Carolina: Cruising Past 70: WOW: Maximizing RVing Resources for Fun

Sunday, January 9, 2011

WOW: Maximizing RVing Resources for Fun

M'A 'turn at the Rocky Mountain National Park
Because of health issues, legal affairs, and family festivities, we have been marooned in Washington for almost four months now (and winters should be spent in warmer places, don’t you agree?).  So how do we maximize the fun in camping when we get confined to the same places for a long time and thus undoubtedly exhaust the scenes (or cannot visit them anyway with the cold, the snow, or the rain?)?

Beachwood RV Resort in Blaine, Washington
When confronted with a problem, experience has taught us to first take stock of existing resources: 1) campgrounds where we stay, 2) city/county/state/federal facilities around us, 3) homes of relatives, friends and accommodating strangers, 4) commercial establishments hungry for our dollars, and 5) religious centers eagerly waiting for our souls. Let me concentrate on the first on this post.

a campground with a spa/pool complex beside a lake
Campgrounds are our best sources because they actually become our very own backyards for the duration of our stay. A campsite is usually anywhere from 15-25 feet wide and 40-80 feet long for our size RV which is 8.5x37 plus space for our tow vehicle, our little red Saturn. From our 18 months of experience, we have come to the realization that there are actually four kinds of campgrounds.

a campsite beside the lake full of frolicking geese
Green Mountain RV Resort with a 9-hole golf course!
If you had location as y-axis and amenities/activities as x-axis, then you have four quadrants. As you go higher on the y-axis you go from near town centers to more rural preserves of nature.  On the x-axis, on the other hand, you go from no amenities except the basic site to a ton of them, including golf courses, plus many planned activities like potlucks, poker sessions, jam sessions, concerts, different tourneys, etc.!

the large deck for our private parties at Green Mountain RV Resort
the covered pool at Ponderosa Falls RV Resort
Thus Quadrant 1 (more nature, more amenities/activities) is what we will call The Nature RV Resort.  The Green Mountain RV Resort at the outskirts of Lenoir, North Carolina, near the Blue Ridge Parkway, is a candidate for this title. Many sites have a large deck, looking out to a cool, clear spring, which you can use for private socials. It is a very hilly site with lots of large trees. Aside from a clubhouse with billiards, ping pong and other game tables, it has a 9-hole golf course, tennis, volleyball courts, and a lake for fishing and boating. While we were there, a live band played at a dance where we even learned the East Coast Swing!

the fitness room at Ponderosa Falls RV Resort
a live concert at the Suwannee River Music Park
Quadrant 2 (near a city, more amenities/activities) is what we call the City RV Resort and Orlando Thousand Trails in Orlando, Florida holds this distinction. It is 6 miles away from the Disneyworld Entertainment Complex, walking distance to shopping marts, has a large clubhouse with games, billiards, ping pong, large TV and gift shop and restaurant, an exercise room, hot tubs, pools, tennis courts, horseshoe pits, volleyball courts, mini-golf course, etc., and lots of well-attended planned activities such as the New Year Ball with more than a hundred couples dancing away to a live band.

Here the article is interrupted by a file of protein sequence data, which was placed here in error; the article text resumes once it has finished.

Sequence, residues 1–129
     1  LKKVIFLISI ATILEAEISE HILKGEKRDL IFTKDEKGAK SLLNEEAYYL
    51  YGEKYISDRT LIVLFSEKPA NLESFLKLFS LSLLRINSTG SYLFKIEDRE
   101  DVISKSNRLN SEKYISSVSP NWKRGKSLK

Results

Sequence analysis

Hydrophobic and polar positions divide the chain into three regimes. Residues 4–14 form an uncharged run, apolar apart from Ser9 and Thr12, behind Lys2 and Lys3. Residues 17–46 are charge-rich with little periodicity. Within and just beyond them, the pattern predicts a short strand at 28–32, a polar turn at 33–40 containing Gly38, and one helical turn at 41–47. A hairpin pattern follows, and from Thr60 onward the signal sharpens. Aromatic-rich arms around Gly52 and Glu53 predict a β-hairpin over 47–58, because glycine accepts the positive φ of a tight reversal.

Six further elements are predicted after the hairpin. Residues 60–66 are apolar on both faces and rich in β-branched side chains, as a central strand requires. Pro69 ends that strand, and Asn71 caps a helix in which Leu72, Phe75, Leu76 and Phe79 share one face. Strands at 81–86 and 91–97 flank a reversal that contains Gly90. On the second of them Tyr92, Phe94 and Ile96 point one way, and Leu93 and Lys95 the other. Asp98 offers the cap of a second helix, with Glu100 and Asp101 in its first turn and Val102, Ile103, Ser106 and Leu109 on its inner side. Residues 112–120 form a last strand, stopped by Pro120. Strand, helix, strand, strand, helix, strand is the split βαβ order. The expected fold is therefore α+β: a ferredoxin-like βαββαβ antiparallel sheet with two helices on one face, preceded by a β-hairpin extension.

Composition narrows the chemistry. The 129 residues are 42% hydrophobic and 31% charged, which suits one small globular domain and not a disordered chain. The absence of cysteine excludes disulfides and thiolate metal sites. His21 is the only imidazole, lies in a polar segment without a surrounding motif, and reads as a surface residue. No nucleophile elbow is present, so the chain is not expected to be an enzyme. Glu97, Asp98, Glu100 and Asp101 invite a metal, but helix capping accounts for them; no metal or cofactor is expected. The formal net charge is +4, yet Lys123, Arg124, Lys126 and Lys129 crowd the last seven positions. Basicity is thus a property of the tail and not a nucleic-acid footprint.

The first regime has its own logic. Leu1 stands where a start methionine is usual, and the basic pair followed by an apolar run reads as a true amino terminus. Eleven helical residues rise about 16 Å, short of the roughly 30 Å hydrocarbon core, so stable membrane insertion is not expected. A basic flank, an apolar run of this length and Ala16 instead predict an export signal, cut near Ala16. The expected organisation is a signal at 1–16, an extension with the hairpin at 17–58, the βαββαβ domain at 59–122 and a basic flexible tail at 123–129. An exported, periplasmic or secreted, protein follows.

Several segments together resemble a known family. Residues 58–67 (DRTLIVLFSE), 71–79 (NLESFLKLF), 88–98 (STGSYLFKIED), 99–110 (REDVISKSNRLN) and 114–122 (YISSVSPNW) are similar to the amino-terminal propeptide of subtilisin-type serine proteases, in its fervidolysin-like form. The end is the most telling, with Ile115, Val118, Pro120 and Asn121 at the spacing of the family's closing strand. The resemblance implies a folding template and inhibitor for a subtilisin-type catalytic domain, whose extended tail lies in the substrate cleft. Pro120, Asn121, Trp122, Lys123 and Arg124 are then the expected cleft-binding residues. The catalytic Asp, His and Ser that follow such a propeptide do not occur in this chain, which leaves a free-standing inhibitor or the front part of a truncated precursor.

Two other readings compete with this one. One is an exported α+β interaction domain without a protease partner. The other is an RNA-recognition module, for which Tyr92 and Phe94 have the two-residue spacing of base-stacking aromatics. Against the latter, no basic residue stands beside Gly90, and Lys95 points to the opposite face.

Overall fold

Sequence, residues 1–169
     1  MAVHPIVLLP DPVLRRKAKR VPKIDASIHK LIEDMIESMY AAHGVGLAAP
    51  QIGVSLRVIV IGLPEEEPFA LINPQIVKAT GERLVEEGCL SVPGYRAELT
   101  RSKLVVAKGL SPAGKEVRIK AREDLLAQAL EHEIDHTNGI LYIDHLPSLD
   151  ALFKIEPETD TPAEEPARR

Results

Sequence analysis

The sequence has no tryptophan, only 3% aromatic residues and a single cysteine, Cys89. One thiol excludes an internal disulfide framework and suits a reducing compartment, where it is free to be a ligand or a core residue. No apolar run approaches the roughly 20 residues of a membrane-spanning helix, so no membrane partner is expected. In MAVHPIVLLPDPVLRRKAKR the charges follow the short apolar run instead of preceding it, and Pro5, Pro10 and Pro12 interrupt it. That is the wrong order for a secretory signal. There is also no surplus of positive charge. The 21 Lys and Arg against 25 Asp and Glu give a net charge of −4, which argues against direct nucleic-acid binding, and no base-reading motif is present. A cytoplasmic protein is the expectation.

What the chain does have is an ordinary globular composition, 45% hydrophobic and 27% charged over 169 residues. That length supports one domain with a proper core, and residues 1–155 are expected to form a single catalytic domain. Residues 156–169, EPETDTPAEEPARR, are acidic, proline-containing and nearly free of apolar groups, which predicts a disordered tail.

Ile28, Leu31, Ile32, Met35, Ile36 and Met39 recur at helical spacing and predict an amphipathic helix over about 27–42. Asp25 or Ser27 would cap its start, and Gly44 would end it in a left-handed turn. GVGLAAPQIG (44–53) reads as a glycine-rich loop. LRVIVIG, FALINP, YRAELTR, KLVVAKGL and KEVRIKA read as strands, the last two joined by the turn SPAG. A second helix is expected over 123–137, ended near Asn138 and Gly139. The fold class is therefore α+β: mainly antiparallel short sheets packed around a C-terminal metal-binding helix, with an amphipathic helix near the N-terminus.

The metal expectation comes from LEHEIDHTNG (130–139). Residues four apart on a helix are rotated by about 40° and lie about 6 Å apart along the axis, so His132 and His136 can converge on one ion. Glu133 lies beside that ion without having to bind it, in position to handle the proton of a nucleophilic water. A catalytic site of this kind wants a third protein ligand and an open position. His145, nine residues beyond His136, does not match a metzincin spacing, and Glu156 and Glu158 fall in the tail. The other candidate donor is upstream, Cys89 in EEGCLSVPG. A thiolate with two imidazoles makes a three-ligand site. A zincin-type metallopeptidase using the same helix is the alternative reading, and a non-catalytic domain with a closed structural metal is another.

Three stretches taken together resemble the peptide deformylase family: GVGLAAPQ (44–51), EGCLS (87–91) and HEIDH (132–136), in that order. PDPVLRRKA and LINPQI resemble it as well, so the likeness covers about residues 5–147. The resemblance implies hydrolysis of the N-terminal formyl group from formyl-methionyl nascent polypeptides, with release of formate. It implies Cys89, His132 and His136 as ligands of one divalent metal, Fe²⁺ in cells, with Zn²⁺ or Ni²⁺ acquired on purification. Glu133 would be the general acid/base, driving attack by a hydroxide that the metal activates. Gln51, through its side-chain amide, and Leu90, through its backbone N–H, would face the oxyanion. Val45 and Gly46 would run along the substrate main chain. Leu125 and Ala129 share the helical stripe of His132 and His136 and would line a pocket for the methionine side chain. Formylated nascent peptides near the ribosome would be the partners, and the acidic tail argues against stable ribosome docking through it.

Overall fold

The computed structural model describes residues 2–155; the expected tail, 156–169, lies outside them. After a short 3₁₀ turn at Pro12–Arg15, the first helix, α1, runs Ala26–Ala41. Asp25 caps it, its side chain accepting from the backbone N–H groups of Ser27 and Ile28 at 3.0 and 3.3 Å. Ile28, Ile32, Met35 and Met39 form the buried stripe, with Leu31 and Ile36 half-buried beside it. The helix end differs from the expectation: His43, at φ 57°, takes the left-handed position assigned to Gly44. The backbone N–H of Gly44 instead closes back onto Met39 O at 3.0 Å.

the scenic 18-hole mini golf course beside the fishing pond
basketball court and other outdoor sports areas
Quadrant 3 (near a city but minimal amenities/activities) is what we call an RV Park. We use this primarily to be near a family or friend’s home with whom we would like to visit for a longer time.  When we were at Boise, Idaho, we stayed in one that is only 10 minutes away from the home of Jim (Bill’s only son) with just a hot tub and pool, an exercise room, and a horseshoe pit. But we were able to go to Jim’s often and they also were able to stay with us over a weekend. There were no planned activities.
Star and Vino at the Big Sur Nature Park with the Pacific Ocean glistening below

Star and Vino amidst the boulders in Joshua Tree National Park
Quadrant 4 (more nature, minimal amenities/activities) is what we call a Nature Park. This is what one needs when you want to get away from it all, experience sublime solitude, and wonder at God’s creation. City/County/State Parks are mostly like these as well as parts of our national forests, Corps of Engineers’ land preserves, beach enclaves, etc. The best one that comes to mind was the national forest park along Big Sur, overlooking the Pacific Ocean. Some national parks like Joshua Tree NP would also qualify but the bigger national parks like Yosemite or Yellowstone have become virtual cities with so many facilities built around and in them.

inside a clubhouse
the New Year's Ball at Orlando Thousand Trails Resort
                                    If you do full time RV’ing like we do, backyards will be excitingly varied (the same with your neighbors!) and so there really will be no excuse for boredom. Thus I have become a woman of leisure (hopefully, the substance is still there!). And even after being marooned for 4 months here, we found the Travel Inn RV Park in Elma, Washington that surprisingly has many activities: Bill has joined pool tourneys, I have lost some money from Texas Hold ‘em with the guys, and am often going to Ballys in Olympia, fiercely melting the calories away at a treadmill or meditating at the spa.

Next Wow: The Other 4 RVing Resources!



  1. Good analysis of dealing different issues. BUT, I still really get impressed by the pictures. Particularly the ones at Big Sur, Joshua Tree NP, and Rocky Mtn NP. Thanks for the vicarious adventures!

  2. Quick comment! Just posted this. Thanks...that means you like nature parks more! I understand!

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